March 18th, 2013
Florida smokers and their families who are suing tobacco companies won a resounding victory on March 14, 2013 when the Supreme Court of Florida upheld its landmark 2006 ruling in Engle v. Liggett Group, Inc., 945 So.2d 1246 (Fla. 2006).
By a vote of 6 to 1, Florida’s highest court ruled in favor of the plaintiff in Philip Morris USA, Inc., et al. v. Douglas, 2013 Fla. LEXIS 440, upholding a $2.5 million award in the death of Charlotte Douglas and explicitly rejecting industry arguments that the Florida Supreme Court’s ruling seven years ago violated the Due Process rights of the companies.
The Engle case originated as a class action and went to trial before a jury; that jury in Phase I of the trial found the defendant companies strictly liable, in that the cigarettes that the defendants manufactured and placed on the market “were defective in many ways including the fact that the cigarettes contained many carcinogens, nitrosamines, and other deleterious compounds such as carbon monoxide.” While the case ultimately was not allowed to proceed as a class action, the Supreme Court of Florida ruled in 2006 that the members of the class could file their own individual cases (so-called “Engle Progeny” cases) and proceed with those cases relying upon the jury’s Phase I findings of liability, including that smoking caused a variety of specific diseases, that nicotine in cigarettes is addictive, that the tobacco defendants placed cigarettes on the market that were defective and unreasonably dangerous and that all of the Engle defendants were negligent.
The tobacco companies have argued that, despite the fact that they vigorously presented a defense to these claims during the original Engle trial, applying the Phase I findings to the Engle Progeny trials violates their due process rights. Even though the R.J. Reynolds Tobacco Co. relied on this argument unsuccessfully in the Martin case a year ago, (see http://www.phaionline.org/2012/03/26/supreme-court-rejects-key-tobacco-industry-appeal-leaving-massive-liability-with-no-end-in-sight/ ), the companies tried again in Douglas. Commenting on the original Engle trial, the six-member majority in Douglas said: “As illustrated by hundreds of witnesses, thousands of documents and exhibits and tens of thousands of pages of testimony, the Engle defendants had notice and the opportunity to defend against all theories of liability for each of the class’s claims in the yearlong Phase I trial.”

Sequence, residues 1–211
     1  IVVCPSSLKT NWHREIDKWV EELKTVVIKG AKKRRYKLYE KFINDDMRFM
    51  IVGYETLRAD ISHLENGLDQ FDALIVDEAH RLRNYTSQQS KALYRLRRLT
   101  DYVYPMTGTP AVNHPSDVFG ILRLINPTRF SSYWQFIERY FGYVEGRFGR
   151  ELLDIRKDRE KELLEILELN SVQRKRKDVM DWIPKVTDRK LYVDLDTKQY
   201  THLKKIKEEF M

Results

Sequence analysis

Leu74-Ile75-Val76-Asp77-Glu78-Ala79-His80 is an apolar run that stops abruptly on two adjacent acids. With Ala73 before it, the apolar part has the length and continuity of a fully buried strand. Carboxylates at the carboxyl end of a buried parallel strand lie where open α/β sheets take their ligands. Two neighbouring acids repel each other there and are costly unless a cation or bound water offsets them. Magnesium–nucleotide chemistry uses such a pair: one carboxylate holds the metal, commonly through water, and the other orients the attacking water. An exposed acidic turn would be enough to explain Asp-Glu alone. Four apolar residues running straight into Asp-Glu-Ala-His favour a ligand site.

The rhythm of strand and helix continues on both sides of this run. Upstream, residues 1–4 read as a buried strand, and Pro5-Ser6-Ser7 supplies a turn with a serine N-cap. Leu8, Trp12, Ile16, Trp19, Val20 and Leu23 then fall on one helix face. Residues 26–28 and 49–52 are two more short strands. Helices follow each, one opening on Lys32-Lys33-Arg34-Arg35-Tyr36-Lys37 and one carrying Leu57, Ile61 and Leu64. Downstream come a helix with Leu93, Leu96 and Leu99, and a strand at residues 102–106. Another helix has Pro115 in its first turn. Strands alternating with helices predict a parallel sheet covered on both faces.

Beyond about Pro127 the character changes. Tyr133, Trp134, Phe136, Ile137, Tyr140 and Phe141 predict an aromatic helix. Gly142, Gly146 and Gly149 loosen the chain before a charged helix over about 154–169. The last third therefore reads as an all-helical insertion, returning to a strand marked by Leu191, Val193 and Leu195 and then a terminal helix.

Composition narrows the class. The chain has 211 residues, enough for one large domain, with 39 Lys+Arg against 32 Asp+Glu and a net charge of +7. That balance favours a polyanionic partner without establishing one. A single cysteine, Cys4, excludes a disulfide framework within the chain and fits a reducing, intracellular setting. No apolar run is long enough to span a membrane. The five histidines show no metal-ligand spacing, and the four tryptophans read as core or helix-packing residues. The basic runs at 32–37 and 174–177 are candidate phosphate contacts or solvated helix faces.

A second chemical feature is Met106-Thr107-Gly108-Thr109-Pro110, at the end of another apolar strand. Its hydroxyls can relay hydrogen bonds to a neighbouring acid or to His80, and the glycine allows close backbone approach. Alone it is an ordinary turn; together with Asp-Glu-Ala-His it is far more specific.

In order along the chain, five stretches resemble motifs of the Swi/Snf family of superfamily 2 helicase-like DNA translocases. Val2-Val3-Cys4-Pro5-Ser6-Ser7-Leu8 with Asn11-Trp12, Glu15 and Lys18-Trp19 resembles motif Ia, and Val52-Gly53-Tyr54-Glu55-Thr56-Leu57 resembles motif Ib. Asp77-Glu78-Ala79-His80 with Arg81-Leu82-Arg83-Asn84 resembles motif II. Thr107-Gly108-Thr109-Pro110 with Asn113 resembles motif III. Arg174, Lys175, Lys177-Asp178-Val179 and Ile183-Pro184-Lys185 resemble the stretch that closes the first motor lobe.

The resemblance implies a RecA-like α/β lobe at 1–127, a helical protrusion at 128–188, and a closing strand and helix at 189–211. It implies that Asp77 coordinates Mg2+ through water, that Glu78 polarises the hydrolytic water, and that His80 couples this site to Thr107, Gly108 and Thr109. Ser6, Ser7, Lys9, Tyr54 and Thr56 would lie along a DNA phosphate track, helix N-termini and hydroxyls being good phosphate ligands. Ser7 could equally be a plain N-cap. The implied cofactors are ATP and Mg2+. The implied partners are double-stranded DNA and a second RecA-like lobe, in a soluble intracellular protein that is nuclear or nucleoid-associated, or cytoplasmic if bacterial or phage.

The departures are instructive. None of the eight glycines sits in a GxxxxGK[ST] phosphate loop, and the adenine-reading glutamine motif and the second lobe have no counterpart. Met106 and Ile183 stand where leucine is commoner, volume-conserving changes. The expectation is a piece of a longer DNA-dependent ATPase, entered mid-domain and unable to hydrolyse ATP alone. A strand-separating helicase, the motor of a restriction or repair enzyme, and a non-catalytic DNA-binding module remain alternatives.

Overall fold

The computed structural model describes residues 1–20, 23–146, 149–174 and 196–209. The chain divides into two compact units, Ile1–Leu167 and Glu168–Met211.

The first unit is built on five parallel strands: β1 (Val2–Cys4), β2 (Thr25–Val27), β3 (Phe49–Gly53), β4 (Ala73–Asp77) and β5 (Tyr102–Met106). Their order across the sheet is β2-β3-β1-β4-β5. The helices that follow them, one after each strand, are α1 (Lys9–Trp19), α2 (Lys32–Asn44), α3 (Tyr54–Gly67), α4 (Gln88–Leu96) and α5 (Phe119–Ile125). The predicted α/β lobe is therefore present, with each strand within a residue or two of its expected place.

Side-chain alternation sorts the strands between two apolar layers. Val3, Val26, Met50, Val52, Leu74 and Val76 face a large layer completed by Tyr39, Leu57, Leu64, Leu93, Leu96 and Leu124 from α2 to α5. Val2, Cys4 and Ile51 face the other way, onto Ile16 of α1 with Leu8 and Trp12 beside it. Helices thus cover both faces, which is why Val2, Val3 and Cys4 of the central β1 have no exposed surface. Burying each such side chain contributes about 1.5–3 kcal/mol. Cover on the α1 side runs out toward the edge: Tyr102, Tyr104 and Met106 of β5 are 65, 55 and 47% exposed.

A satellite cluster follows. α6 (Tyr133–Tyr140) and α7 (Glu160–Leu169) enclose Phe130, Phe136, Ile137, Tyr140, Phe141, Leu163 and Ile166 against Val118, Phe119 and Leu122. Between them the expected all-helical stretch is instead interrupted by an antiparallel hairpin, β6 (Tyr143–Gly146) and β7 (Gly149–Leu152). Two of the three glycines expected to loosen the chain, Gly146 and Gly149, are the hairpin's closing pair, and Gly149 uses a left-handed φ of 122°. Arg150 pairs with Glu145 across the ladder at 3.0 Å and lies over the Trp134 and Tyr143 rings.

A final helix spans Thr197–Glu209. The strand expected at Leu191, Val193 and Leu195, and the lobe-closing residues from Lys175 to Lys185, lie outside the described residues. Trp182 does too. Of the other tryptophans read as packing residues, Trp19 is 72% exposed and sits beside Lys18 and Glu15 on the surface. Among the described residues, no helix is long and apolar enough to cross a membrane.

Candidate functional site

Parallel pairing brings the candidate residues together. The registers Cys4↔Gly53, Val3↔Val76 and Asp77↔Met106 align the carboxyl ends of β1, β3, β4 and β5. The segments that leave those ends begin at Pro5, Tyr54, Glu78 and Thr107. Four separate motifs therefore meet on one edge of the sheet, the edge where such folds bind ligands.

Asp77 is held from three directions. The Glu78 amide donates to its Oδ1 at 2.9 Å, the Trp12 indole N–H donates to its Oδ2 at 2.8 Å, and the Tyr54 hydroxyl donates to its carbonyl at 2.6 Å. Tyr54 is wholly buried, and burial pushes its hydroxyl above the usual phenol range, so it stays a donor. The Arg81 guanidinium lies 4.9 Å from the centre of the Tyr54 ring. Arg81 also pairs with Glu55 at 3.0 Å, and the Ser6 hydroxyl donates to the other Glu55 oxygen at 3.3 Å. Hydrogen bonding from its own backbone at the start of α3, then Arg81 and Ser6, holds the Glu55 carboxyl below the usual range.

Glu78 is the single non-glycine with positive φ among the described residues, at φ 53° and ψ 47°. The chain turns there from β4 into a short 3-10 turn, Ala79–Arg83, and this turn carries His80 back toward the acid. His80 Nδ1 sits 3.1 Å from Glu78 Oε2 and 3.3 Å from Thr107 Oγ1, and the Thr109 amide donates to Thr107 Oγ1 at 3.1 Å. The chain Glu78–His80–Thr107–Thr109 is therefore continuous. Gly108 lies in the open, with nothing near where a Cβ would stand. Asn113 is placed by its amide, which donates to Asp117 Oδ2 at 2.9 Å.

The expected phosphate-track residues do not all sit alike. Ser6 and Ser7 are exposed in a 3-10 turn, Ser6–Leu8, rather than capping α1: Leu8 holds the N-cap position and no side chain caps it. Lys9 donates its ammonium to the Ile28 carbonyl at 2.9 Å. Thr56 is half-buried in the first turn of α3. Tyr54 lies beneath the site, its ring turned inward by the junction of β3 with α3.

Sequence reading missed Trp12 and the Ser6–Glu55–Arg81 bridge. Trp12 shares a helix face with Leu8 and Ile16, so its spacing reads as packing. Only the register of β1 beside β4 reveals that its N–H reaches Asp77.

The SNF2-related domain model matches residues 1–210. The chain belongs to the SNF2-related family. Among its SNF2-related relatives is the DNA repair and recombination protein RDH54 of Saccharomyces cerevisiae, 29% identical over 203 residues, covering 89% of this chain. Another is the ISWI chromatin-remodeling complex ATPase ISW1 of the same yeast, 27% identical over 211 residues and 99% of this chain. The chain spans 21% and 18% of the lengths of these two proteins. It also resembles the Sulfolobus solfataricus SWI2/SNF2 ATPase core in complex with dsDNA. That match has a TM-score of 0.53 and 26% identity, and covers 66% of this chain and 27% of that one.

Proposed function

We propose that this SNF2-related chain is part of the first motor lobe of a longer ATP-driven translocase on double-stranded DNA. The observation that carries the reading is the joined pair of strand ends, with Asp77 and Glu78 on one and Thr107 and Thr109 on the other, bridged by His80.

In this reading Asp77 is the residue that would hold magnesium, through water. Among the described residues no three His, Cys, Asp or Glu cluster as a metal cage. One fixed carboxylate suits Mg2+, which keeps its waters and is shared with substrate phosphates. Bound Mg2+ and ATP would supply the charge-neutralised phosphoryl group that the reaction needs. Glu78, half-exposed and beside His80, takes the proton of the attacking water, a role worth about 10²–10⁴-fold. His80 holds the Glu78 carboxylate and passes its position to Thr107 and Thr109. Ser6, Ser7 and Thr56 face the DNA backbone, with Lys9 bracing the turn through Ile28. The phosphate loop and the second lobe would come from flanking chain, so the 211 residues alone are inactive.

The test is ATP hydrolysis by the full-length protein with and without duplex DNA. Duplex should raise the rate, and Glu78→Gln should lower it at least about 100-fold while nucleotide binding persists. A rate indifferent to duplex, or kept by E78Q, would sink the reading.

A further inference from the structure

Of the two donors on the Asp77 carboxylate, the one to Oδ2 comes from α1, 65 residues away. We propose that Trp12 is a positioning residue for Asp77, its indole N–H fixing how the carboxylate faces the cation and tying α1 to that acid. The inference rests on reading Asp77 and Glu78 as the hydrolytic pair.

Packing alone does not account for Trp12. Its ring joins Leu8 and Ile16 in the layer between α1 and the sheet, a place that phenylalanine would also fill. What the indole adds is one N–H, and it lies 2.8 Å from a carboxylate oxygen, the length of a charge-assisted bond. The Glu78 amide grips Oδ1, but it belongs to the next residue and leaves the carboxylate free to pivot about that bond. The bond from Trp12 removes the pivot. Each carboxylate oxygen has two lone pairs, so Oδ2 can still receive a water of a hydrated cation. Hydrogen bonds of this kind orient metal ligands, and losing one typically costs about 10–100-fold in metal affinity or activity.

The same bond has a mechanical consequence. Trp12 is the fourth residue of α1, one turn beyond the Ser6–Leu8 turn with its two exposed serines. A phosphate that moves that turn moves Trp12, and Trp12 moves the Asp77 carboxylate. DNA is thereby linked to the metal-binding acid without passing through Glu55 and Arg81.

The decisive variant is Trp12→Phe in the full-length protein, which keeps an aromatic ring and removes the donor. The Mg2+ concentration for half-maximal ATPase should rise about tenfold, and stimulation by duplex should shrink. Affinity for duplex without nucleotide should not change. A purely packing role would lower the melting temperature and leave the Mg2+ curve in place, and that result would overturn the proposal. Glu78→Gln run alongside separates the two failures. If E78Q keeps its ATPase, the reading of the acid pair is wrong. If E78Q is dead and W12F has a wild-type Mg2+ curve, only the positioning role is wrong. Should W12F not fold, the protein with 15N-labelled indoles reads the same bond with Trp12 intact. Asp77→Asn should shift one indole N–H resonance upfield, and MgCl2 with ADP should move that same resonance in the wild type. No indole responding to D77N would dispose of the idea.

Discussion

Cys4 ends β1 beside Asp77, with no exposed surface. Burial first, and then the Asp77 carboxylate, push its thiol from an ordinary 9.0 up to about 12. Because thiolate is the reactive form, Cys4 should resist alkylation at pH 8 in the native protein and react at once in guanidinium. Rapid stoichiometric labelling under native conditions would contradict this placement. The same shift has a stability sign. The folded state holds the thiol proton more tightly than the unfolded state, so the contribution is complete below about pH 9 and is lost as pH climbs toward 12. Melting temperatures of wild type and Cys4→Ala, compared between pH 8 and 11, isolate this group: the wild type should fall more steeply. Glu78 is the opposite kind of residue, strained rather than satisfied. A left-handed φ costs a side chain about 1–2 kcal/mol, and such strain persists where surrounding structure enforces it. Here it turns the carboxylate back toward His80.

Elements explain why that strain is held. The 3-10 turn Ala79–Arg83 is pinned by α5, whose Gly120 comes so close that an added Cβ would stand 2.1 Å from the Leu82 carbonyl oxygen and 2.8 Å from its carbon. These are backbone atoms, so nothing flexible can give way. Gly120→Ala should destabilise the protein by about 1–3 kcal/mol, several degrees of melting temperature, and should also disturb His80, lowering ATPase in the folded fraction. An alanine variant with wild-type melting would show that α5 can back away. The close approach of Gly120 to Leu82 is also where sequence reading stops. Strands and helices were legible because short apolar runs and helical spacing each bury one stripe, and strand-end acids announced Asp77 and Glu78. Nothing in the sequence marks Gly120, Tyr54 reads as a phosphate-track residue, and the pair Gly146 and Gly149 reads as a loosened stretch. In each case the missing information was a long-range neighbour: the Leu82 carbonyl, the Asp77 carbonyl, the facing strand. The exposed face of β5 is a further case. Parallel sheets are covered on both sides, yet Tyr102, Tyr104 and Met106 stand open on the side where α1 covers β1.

That six-member majority also noted that the tobacco defendants “argue that the Phase I findings establish, at most, that some of their cigarette were defective for some unspecified reason and that they engaged in some, unspecified tortious conduct. This, they claim, requires reversal of the verdict for the plaintiff based on strict liability because the Douglas jury was not instructed (and did not find) a causal connection between a specific defect in the defendants’ cigarettes and the injuries alleged. We disagree and decline the defendants’ invitation to revisit our decision in Engle.”
The majority clearly recognized and emphatically rejected the industry’s fundamental argument. “At its core, the defendants’ due process argument is an attack on our decision in Engle to give the Phase I findings res judicata – as opposed to issue preclusion – effect in class members’ individual damages actions. However, res judicata is the proper term, and we decline the defendants’ invitation to rewrite Engle.”
The decision was bad news for the tobacco industry and its friends on Wall Street. Pro-industry analyst David J. Adelman of Morgan Stanley admitted that the ruling “was even more pro-plaintiff than we expected and will make it more difficult for the industry to successfully defend these claims.”
After the decision was released, Philip Morris USA announced that “it plans to seek further review” of the Douglas decision. That means yet another attempt to persuade the Supreme Court of the United States to consider the industry’s appeal that Engle Progeny trials that result in plaintiff verdicts somehow violate the companies’ due process rights. If the Supreme Court of the United States makes the same decision it made a year ago about an almost identical appeal (Martin), the answer to the tobacco companies will be a final “No.”
-Edward L. Sweda, Senior Attorney for the Tobacco Products Liability Project